Kristin Hanson (Berkeley / Munich)

Alt rhythms

The most natural rhythms in language are different from those in music. In language, duple rhythms, in which every second beat is prominent, are hypothesized to be basic to stress systems, with triple rhythms, in which every third beat is prominent, arising only as occasional variants under specific formal conditions (Hayes 1995). In music, in contrast, triple rhyhms are held to be as basic as duple rhythms (Cooper and Meyer 1960, Lerdahl and Jackendoff 1981), a position supported by the restful simplicity of a traditional waltz. Where does poetry fit in? Typologies of English meter from 18th c. treatises to Fabb and Halle (2008) have included triple rhythms alongside duple ones, in parallel with music. Hanson and Kiparsky (1996), however, hypothesize that poetry is a specifically linguistic art, with meter a stylization of the universal grammar of linguistic rhythm. If this is correct, then triple rhythms in meter should arise only as variants within basically duple forms. This talk will draw on observations by Prince (1989) together with evidence from Shakespeare, Tennyson, Byron, Purcell and Saxony?s native son Handel to support the latter position, and to explain apparent counterexamples through the role music played in certain 18th c. poetic compositions.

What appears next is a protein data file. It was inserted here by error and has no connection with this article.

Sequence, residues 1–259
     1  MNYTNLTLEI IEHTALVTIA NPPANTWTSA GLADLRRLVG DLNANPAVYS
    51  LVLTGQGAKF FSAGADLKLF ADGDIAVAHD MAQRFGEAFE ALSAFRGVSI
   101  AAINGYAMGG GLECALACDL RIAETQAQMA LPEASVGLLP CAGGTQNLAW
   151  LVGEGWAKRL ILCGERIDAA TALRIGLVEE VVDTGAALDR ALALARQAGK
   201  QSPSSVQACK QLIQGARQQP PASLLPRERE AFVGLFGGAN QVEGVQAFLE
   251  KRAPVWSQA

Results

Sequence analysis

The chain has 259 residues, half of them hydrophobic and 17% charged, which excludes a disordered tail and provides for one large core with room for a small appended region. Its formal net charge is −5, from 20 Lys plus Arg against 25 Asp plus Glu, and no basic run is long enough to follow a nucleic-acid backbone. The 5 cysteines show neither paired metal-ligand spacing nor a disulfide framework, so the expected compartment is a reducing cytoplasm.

Principal references:

Cooper, Grosvenor and Leonard B. Meyer. 1960. The rhythmic structure of music. Chicago: University of Chicago Press.

Fabb, Nigel and Morris Halle. 2008. Meter in poetry. Cambridge: Cambridge University Press.

Lerdahl, Fred and Ray Jackendoff. 1981. A generative theory of tonal music. Cambridge: MIT Press.

Hanson, Kristin and Paul Kiparsky. 1996. "A parametric theory of poetic meter." Language 72(2): 287-335.

Hayes, Bruce. 1995. Metrical stress theory: Principles and case studies. Chicago: University of Chicago Press.

Prince, Alan. 1989. "Metrical forms." In Paul Kiparsky and Gilbert Youmans
(eds.), Phonetics and phonology, vol. 1: Rhythm and meter, San Diego: Academic Press.

Saintsbury, George. 1906-1911. A history of English prosody from the twelfth century of the present day, 3 vols. London: MacMillan and Co.